A Jesus who embodies his own characters

Two refreshing new books place the storyteller within the story he tells.

Christians read and hear the Gospels expecting to encounter the voice of Jesus. Biblical scholars make a living by complicating that relationship. In ac­counting for processes of historical traditioning and pious elaboration, scholars distance the historical Jesus who walked upon calloused feet from the Jesus of Matthew, Mark, Luke, and John. And by insisting that a massive historical and cultural gap separates the Gospels from believers, scholars demand that Chris­tians pause a minute before discerning what Jesus is saying to “us.”

How refreshing, then, that two new books, neither of them written by a professional biblical scholar, introduce readers directly to Jesus through his own teaching. George Hunsinger, a theologian, finds in the Beatitudes (Matt. 5:2–12) a Jesus who not only pronounces blessing upon others but also embodies the very blessings he announces. Brian J. Pierce, a Dominican friar, identifies Jesus with the Prodigal Son (Luke 15:11–32). Like the Prodigal, Jesus abandons a heavenly home, endures great hardship, and returns in glory. Both Hunsinger and Pierce draw upon biblical scholarship only selectively as they offer compelling and distinctive interpretations.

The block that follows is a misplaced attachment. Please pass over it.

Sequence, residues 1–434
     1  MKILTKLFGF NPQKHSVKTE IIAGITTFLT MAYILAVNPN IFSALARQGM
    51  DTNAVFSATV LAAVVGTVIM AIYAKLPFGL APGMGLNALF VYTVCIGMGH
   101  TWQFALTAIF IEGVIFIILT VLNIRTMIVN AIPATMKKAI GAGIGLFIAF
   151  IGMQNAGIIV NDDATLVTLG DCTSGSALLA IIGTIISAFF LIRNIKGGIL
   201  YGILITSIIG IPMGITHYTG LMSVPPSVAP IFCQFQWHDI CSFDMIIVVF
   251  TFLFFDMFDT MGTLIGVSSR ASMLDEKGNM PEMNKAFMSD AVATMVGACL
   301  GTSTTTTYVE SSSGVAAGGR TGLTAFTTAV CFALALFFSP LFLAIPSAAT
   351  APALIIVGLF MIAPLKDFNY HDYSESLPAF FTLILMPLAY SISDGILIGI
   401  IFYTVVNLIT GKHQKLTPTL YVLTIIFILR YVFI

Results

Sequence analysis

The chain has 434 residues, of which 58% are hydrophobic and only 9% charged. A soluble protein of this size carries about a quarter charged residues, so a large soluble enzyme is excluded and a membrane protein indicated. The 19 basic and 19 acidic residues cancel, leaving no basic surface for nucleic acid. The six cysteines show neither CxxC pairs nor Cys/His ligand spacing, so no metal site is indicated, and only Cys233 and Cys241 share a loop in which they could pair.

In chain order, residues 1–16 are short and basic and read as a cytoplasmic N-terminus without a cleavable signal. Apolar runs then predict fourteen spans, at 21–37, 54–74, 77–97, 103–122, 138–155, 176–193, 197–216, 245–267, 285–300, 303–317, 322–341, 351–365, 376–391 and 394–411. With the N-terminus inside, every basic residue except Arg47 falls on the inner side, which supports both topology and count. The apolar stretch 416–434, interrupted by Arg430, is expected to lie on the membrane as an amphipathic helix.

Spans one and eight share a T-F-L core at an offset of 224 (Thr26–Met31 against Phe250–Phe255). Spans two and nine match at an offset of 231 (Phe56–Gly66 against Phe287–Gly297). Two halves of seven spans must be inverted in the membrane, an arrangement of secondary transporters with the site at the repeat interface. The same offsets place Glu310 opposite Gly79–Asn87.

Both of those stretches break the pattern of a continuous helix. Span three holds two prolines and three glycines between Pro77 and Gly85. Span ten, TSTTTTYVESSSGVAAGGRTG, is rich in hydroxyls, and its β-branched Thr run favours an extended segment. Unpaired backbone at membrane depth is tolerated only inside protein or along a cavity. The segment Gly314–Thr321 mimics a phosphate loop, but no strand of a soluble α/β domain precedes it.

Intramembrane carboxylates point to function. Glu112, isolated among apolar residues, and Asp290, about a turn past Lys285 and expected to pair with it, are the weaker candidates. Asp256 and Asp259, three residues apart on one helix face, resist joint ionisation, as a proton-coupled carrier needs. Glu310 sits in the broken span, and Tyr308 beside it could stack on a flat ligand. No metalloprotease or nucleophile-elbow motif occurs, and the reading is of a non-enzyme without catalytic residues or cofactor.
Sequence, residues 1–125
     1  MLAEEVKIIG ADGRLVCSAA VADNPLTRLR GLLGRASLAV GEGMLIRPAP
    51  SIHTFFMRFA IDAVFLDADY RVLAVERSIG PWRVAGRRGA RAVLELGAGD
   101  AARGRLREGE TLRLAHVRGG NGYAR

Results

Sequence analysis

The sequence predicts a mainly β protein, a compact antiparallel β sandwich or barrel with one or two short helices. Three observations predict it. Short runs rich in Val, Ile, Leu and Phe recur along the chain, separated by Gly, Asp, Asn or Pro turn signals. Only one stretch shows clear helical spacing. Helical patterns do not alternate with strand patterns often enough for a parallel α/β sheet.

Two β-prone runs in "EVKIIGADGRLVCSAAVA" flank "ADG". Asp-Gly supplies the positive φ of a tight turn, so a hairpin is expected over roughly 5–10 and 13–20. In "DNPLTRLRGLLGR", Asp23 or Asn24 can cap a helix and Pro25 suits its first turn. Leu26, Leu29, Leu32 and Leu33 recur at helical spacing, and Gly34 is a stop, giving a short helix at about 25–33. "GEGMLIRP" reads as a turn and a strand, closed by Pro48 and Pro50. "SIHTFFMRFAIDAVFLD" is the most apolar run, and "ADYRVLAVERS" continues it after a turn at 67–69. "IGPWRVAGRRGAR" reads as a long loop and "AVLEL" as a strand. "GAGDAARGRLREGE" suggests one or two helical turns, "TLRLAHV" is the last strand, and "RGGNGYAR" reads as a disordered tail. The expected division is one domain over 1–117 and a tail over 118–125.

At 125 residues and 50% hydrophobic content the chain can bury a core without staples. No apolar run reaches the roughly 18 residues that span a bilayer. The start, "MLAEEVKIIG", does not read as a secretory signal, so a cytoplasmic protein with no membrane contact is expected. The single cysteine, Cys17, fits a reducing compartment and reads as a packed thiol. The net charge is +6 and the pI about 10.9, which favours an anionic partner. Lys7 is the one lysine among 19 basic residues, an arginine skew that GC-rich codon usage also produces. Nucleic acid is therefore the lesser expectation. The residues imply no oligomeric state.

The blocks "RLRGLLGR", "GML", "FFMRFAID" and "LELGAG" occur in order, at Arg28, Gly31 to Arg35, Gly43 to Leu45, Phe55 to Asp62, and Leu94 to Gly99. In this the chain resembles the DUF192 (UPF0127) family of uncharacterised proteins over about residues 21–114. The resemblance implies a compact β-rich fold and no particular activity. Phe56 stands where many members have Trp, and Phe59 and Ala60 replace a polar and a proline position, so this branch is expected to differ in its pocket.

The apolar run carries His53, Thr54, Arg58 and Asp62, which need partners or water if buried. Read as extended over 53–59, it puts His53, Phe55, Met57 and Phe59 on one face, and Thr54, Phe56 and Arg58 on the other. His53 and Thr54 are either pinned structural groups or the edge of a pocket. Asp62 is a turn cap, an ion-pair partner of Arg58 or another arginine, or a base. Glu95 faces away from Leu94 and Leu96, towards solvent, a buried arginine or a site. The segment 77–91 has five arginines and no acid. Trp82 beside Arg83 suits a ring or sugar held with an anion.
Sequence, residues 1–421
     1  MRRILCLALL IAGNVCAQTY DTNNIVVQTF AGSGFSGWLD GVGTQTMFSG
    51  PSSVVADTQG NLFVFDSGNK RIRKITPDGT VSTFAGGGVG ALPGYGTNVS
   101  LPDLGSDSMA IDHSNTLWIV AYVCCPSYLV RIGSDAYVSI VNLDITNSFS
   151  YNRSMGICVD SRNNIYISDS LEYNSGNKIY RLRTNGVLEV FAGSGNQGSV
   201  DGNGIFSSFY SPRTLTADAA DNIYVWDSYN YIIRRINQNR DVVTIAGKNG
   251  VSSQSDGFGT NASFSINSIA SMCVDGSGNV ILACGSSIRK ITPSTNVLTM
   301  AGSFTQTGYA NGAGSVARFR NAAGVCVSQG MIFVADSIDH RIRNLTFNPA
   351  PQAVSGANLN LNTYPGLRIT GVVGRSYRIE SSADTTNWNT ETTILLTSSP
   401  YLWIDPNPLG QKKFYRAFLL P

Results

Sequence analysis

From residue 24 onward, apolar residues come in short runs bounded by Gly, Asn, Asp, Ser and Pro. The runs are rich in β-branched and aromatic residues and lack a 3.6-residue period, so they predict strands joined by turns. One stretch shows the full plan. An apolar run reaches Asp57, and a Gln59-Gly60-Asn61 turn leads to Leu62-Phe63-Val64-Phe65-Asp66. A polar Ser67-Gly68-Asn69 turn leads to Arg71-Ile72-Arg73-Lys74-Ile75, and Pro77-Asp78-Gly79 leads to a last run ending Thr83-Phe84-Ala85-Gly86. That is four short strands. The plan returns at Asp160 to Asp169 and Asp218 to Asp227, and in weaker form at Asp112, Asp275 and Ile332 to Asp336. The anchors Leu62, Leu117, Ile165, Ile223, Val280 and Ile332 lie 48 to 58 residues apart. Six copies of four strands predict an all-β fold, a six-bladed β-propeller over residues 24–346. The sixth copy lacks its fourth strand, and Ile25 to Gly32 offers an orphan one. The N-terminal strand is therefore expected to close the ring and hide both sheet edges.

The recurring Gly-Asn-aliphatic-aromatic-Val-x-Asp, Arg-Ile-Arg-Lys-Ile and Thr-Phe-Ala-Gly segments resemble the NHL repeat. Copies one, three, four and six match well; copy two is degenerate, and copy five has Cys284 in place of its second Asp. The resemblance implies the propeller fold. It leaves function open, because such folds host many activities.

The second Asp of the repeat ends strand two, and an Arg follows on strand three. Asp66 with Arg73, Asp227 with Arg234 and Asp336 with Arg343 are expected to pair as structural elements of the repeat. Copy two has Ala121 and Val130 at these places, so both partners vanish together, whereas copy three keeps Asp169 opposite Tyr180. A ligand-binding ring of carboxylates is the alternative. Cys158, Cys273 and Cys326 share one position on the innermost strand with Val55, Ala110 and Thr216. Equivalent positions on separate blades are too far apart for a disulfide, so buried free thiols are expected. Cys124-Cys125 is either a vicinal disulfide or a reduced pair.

Hunsinger divides the Beatitudes into two groups: four that speak to the needy and four that call the faithful to embody certain virtues. The final Beatitude, which involves persecution, comes in two steps: persecution for pursuing righteousness and persecution directed specifically at Jesus’ followers. Each of the book’s corresponding nine chapters begins with a reflection on Jesus, who himself embodies and defines the blessing under consideration. Hunsing­er proceeds to ex­plore each Beatitude’s implications, first for believers and then for those beyond the circle of discipleship.